Zinc fertilisation increases grain zinc and reduces grain lead and cadmium concentrations more in zinc-biofortified than standard wheat cultivar

Research output: Contribution to journalArticle

Access

DOI

Authors

Research units

Abstract

Given that plant uptake and transport systems for metals have some similarities, zinc (Zn)-biofortified cultivars may concurrently accumulate non-essential toxic heavy metals in grains. However, Zn-biofortified cultivars have never been tested for heavy metal accumulation in grains. In a pot experiment, we compared Zn-biofortified wheat (Zincol-2016) with a standard wheat (Faisalabad-2008) cultivar on heavy-metal-contaminated soils for yield response and grain accumulation of Zn, lead (Pb) and cadmium (Cd), without or with Zn fertilisation (8 mg Zn kg− 1). The soils, collected from agricultural fields in (i) industrial zone and (ii) peri-urban area, had been receiving industrial and city effluents for > 20 years. In the two soils, Zn fertilisation significantly (P ≤ 0.05) increased grain yield of both cultivars. Zinc fertilisation increased grain Zn concentration of Zincol-2016 and Faisalabad-2008 by respectively 32 and 18% in industrial-zone soil, and by 15 and 2% in peri-urban soil. Averaged across Zn rates, Zincol-2016 accumulated in grains more than double the Zn amount than Faisalabad-2008 in industrial-zone soil. At 0 mg Zn kg− 1, grain Pb and Cd concentrations were respectively 26 and 33% greater in Zincol-2016 than Faisalabad-2008 in industrial-zone soil, and 86 and 50% greater in Zincol-2016 than Faisalabad-2008 in peri-urban soil. Zinc fertilisation significantly (P ≤ 0.05) decreased concentration of Pb and Cd in grains of both cultivars. In industrial-zone soil, a toxic level of Pb in grains (0.24 mg kg− 1) was attained at control rate of Zn by Zincol-2016, and was decreased to a safe level (0.07 mg kg− 1) by application of 8 mg Zn kg− 1. Therefore, biofortified cultivars should not be grown in contaminated soils, and/or sufficient Zn must be applied, to decrease accumulation of non-essential toxic heavy metals in grains. Moreover, future breeding efforts should be directed toward selection of biofortified cultivars that would selectively accumulate Zn in grains, but not the contaminants.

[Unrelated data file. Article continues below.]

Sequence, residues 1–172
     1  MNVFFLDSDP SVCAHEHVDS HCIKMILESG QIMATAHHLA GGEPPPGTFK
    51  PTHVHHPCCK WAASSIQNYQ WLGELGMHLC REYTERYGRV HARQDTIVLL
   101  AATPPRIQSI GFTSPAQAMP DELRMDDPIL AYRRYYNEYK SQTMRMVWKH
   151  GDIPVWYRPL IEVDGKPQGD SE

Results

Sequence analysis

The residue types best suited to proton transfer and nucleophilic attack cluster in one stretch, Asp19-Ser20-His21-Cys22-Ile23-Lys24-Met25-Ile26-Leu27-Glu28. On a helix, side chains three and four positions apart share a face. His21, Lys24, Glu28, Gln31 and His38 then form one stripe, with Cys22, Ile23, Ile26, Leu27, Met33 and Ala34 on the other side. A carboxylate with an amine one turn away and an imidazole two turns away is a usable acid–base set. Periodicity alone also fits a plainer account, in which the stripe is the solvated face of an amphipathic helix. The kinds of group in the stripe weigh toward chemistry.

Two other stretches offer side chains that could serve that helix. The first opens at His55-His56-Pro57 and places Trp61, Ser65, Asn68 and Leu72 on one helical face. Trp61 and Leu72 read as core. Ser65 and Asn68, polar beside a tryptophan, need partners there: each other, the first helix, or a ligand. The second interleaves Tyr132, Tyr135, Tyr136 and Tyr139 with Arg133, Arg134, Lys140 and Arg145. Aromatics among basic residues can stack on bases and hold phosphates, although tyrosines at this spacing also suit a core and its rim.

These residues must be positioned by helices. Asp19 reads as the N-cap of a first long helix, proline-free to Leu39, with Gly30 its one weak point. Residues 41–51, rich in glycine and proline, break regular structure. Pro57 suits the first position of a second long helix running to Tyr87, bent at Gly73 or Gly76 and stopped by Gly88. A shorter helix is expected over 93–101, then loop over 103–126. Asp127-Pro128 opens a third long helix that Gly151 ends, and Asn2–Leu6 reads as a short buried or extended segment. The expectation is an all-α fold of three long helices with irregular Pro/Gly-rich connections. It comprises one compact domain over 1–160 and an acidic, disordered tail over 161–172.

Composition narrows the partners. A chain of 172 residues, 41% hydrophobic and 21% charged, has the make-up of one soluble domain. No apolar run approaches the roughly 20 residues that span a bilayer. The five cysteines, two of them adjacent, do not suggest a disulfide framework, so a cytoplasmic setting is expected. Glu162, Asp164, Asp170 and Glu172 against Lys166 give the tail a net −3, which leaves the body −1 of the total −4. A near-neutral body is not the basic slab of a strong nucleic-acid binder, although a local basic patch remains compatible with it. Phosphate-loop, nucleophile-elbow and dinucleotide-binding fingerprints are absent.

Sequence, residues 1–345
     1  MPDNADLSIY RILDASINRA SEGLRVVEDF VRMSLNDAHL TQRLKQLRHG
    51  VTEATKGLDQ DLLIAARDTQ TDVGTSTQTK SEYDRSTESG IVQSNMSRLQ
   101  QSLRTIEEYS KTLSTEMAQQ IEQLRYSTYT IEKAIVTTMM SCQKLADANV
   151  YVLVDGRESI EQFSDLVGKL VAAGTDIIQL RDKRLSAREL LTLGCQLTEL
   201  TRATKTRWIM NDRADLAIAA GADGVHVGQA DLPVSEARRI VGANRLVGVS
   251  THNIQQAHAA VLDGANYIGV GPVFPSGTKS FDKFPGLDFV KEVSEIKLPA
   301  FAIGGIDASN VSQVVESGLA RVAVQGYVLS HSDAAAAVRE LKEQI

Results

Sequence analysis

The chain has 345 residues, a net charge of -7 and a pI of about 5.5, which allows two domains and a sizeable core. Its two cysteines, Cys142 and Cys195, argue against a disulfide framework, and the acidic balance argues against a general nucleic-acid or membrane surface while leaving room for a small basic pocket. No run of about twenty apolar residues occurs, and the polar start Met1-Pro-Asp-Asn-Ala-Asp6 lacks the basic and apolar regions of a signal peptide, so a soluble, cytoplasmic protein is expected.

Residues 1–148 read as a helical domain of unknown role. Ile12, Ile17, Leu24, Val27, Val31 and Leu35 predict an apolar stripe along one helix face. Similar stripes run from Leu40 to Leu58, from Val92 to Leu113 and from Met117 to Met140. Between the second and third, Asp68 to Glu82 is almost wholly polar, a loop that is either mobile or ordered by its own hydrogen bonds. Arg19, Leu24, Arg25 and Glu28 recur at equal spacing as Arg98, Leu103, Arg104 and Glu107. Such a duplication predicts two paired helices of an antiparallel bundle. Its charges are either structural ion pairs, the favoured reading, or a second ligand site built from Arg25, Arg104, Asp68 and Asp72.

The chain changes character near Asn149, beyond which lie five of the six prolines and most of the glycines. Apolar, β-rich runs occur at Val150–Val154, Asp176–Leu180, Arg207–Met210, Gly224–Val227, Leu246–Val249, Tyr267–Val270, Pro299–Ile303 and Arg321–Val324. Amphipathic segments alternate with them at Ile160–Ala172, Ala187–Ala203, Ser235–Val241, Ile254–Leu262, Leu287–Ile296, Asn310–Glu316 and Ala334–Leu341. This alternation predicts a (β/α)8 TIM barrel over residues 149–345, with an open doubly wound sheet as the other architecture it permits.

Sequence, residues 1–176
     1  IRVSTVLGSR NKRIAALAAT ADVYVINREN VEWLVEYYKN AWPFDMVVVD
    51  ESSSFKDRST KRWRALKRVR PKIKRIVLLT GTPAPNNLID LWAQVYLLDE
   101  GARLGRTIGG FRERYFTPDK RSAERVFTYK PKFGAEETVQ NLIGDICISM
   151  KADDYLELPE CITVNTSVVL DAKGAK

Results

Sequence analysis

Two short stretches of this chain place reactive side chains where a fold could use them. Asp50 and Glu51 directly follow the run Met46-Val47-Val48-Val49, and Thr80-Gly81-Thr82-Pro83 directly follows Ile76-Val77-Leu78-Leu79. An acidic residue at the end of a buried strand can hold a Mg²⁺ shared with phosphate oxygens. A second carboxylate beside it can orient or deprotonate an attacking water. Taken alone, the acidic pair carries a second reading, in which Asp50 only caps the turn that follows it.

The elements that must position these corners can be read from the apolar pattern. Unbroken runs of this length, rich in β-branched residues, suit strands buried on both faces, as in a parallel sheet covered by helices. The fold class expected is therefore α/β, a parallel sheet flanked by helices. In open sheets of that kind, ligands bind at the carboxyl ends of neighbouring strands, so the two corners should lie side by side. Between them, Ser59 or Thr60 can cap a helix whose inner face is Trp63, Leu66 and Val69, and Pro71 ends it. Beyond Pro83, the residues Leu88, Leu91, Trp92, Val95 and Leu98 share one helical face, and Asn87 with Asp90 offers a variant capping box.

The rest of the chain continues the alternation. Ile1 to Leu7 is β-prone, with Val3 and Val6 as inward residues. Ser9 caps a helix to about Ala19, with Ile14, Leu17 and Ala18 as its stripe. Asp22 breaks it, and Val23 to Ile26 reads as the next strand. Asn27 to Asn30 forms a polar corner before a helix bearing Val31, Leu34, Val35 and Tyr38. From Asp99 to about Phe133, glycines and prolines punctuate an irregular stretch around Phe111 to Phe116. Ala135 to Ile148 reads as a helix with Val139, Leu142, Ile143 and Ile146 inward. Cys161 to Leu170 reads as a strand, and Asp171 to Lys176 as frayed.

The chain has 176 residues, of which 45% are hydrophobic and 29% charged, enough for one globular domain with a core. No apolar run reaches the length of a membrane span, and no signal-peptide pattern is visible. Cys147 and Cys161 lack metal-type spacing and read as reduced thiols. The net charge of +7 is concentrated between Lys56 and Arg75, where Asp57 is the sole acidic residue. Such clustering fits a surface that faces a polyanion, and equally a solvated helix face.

Peer-reviewedYes
Original languageEnglish
Pages (from-to)454-460
Number of pages7
JournalScience of the Total Environment
Volume605-606
DOIs
StatePublished - 15 Dec 2017


View connections

ID: 17692940